Sleeping with the TV might make you obese: study

The study found that women who slept with any type of light including a television were 17% more likely to gain 11 pounds or more over five years.

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Falling asleep with the lights or television on not only wastes electricity, but it’s now been linked with obesity, according to a new study.

New research published in JAMA International Medicine found that sleeping with artificial light at night was significantly associated with an increased risk or weight gain and specifically obesity. The study looked at nearly 44,000 healthy women ages 35 to 74 years across the US, who were asked about their sleeping habits like whether they slept with no light, a small nightlight, and light or a television coming from another room over a five-year period. The candidates were women who had no history of cancer and worked regular hours.

The study found that women who slept with any type of light including a television were 17% more likely to gain 11 pounds or more over the course of five years.

“Turning off the light while sleeping may be a useful tool for reducing a possibility of weight gain and becoming overweight or obese,” said Dr. Yong-Moon Mark Park, the study’s lead author, via UPI.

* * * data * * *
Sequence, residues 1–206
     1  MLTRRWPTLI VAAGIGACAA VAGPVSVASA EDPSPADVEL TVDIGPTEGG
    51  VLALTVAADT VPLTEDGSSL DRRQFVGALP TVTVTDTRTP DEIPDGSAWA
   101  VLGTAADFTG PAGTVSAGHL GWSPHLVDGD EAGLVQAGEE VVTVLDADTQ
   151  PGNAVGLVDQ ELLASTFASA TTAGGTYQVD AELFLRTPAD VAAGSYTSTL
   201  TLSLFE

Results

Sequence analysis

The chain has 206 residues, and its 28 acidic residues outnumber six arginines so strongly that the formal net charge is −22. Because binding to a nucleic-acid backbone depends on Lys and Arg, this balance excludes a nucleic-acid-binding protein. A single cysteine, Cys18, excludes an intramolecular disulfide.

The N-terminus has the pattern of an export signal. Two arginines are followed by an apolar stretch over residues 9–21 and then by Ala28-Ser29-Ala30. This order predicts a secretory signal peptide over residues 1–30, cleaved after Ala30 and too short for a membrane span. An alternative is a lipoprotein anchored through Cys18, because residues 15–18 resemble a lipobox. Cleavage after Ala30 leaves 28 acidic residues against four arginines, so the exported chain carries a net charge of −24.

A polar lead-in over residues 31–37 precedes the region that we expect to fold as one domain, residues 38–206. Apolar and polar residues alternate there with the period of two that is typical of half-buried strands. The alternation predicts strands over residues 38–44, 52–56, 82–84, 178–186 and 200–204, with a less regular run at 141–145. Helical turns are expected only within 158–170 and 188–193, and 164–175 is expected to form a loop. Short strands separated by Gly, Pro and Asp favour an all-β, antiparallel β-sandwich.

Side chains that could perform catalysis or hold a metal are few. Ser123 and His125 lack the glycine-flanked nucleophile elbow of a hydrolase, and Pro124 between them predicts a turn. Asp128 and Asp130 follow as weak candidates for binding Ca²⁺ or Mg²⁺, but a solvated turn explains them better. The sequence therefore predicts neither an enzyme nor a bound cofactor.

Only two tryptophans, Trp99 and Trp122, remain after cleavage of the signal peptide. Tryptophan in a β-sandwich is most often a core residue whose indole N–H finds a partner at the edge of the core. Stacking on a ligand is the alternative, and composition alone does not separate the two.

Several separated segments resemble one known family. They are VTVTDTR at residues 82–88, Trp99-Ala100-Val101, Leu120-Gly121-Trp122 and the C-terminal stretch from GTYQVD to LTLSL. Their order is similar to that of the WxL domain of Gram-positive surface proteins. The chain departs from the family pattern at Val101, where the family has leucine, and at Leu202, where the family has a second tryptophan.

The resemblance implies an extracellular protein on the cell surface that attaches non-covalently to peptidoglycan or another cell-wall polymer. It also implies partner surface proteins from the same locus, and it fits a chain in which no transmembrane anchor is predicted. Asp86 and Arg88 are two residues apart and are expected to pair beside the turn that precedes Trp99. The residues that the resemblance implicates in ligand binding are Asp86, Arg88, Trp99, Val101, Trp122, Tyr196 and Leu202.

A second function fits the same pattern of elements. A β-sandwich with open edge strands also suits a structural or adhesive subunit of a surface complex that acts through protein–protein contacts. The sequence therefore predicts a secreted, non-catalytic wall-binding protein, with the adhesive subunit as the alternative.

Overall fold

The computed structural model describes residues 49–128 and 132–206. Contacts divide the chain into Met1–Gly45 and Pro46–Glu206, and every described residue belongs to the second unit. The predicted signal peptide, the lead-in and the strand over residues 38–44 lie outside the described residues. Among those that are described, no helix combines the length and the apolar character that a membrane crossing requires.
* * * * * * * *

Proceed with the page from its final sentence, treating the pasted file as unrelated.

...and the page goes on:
“It also may disturb day-to-day variations of stress hormones and affect other metabolic processes in ways that contribute to weight gain.”

Park said using a small night lamp wasn’t associated with weight gain but admitted sleeping with light or television on were. That could lead to more than obesity including poorer sleep which leads to sluggishness that inhibits exercise and can lead to bad eating choices.\

A lack of sleep has previously been linked to obesity. Other research has found that light exposure before bedtime has fiddled with melatonin levels.


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Kyle Schnitzer|is a reporter for Ladders and can be reached at kschnitzer@theladders.com.